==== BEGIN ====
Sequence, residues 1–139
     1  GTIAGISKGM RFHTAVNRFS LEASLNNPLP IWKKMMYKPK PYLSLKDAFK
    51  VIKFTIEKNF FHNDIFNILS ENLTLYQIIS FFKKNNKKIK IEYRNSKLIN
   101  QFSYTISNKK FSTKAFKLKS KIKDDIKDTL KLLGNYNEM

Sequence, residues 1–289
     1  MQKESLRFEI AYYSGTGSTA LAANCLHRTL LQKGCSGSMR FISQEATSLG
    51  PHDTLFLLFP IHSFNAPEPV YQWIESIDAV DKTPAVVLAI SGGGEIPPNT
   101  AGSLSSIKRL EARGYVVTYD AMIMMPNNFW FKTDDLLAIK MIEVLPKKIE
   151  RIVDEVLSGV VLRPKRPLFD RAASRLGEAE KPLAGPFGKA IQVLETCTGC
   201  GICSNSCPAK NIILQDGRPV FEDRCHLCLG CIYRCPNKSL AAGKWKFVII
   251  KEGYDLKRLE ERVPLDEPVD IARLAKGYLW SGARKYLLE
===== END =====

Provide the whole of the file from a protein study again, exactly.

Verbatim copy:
Sequence, residues 1–139
     1  GTIAGISKGM RFHTAVNRFS LEASLNNPLP IWKKMMYKPK PYLSLKDAFK
    51  VIKFTIEKNF FHNDIFNILS ENLTLYQIIS FFKKNNKKIK IEYRNSKLIN
   101  QFSYTISNKK FSTKAFKLKS KIKDDIKDTL KLLGNYNEM

Sequence, residues 1–289
     1  MQKESLRFEI AYYSGTGSTA LAANCLHRTL LQKGCSGSMR FISQEATSLG
    51  PHDTLFLLFP IHSFNAPEPV YQWIESIDAV DKTPAVVLAI SGGGEIPPNT
   101  AGSLSSIKRL EARGYVVTYD AMIMMPNNFW FKTDDLLAIK MIEVLPKKIE
   151  RIVDEVLSGV VLRPKRPLFD RAASRLGEAE KPLAGPFGKA IQVLETCTGC
   201  GICSNSCPAK NIILQDGRPV FEDRCHLCLG CIYRCPNKSL AAGKWKFVII
   251  KEGYDLKRLE ERVPLDEPVD IARLAKGYLW SGARKYLLE